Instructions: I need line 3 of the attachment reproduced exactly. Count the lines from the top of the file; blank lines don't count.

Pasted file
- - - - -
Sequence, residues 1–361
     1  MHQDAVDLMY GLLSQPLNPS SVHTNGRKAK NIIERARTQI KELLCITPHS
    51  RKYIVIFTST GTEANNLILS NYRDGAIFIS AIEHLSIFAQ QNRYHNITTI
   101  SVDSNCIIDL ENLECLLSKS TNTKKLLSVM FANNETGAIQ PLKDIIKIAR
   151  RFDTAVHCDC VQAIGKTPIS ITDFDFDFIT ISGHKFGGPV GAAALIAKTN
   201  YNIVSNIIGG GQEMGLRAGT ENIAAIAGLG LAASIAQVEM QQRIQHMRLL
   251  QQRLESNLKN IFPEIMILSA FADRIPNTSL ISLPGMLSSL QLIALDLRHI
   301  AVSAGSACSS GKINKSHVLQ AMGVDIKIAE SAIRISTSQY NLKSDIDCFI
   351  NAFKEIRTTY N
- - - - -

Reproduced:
    51  RKYIVIFTST GTEANNLILS NYRDGAIFIS AIEHLSIFAQ QNRYHNITTI